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Apostolic Age (37-100) - Pauline Writings and Synoptic Narratives
Social-Science Commentary on the Letters of Paul by
Publication Date: 2006-01-11
This latest addition to the Fortress Social-Science Commentaries on New Testament writings illuminates the values, perceptions, and social codes of the Mediterranean culture that shaped Paul and his interactions both harmonious and conflicted with others. Malina and Pilch add new dimensions to our understanding of the apostle as a social change agent, his coworkers as innovators, and his gospel as an assertion of the honor of the God of Israel.
Publication Date: 2000-04-01
The apostle Paul is a controversial figure, both admired and reviled. His letters have influenced creeds and dogmatic statements, but he is also accused of turning the "simple" gospel that Jesus preached into a complex dogmatic system. Furthermore, on the authority of Paul, women have been given second place in church and society for many centuries. The "apostle to the Gentiles" has sometimes been a source of inspiration, but he has more often than not been a stumbling block when Jews and Christians meet.This book tackles all of these and other issues surrounding Paul and presents him for the widest possible audience. With his enviable gift for clear and popular writing, C. J. den Heyer here takes on a particularly difficult task and shows great mastery in offering a detailed portrait of one of the most controversial figures in the ancient world.C. J. den Heyer is Professor of New Testament at the Theological University of the Reformed Churches in the Netherlands.>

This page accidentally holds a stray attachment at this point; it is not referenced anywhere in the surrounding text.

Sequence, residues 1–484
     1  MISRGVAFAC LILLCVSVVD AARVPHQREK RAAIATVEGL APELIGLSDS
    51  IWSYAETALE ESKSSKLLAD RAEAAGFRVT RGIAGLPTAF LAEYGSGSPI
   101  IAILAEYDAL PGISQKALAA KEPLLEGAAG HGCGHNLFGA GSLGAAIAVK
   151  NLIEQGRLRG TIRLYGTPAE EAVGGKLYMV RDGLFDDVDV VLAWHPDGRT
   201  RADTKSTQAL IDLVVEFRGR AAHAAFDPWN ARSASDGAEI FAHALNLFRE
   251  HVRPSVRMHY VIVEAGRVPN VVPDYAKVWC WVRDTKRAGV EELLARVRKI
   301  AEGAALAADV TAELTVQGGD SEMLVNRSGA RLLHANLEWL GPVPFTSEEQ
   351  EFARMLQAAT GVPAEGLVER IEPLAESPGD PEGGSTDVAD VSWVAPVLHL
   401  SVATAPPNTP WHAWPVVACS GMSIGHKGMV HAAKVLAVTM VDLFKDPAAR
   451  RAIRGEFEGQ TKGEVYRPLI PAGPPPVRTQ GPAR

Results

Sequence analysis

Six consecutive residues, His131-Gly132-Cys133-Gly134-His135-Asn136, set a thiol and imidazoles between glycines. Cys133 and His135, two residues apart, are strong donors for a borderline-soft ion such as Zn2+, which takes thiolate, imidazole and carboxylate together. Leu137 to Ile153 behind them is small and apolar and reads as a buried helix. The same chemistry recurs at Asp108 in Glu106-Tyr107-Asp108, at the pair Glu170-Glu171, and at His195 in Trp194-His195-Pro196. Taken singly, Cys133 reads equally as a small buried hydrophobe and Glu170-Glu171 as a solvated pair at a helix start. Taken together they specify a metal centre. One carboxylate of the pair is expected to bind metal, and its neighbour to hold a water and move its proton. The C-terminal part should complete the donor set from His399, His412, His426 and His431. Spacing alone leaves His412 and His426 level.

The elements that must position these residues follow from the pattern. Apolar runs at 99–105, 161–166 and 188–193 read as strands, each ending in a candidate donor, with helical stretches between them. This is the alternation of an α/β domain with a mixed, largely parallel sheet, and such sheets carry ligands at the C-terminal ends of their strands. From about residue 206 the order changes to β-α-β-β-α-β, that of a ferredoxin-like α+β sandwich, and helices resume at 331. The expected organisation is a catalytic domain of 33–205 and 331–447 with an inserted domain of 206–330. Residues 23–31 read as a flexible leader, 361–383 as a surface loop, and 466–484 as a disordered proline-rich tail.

Paul's Gift from Philippi by
Publication Date: 1997-03-28
This book is a study of Paul's response to the financial help he received from the church in Philippi while he was a prisoner in Rome. It examines Philippians 4.10-20 in the light of Greek and Roman practices and language regarding the exchange of gifts and favors in society. Dr. Peterman concludes that "gift exchange" or "social reciprocity" permeated every level of society in Paul's day, and that Paul's seemingly ungracious response was an attempt to create a new, Christian attitude to gifts and to giving.
The Synoptic Gospels by
Publication Date: 2001-11-01
Keith Nickle provides a revised and updated edition of a well-respected resource that fills the gap between cursory treatments of the Synoptic Gospels by New Testament introductions and exhaustive treatments in commentaries. In a clear and concise manner, Nickles explores the major issues of faith that influenced the writers of the Gospels. The Synoptic Gospels is helpful for classroom or personal use.
A Man Attested by God by
Publication Date: 2016-09-02
In A Man Attested by God J. R. Daniel Kirk presents a comprehensive defense of the thesis that Jesus in the Synoptic Gospels is best interpreted as an idealised human figure rather than divine. Counterbalancing the recent trend toward early high Christology in such scholars as Richard Bauckham, Larry Hurtado, and Simon Gathercole, Kirk here thoroughly unpacks the humanity of Jesus as understood by Gospel writers whose language is rooted in the religious and literary context of early Judaism. While not totally denigrating divine Christologies, Kirk argues that idealised human Christology is the best way to read the Synoptic Gospels, and he explores Jesus as exorcist and miracle worker within the framework of his humanity. With wide-ranging exegetical and theological insight that sheds startling new light on familiar Gospel texts, A Man Attested by God offers up-to-date, provocative scholarship that will have to be reckoned with.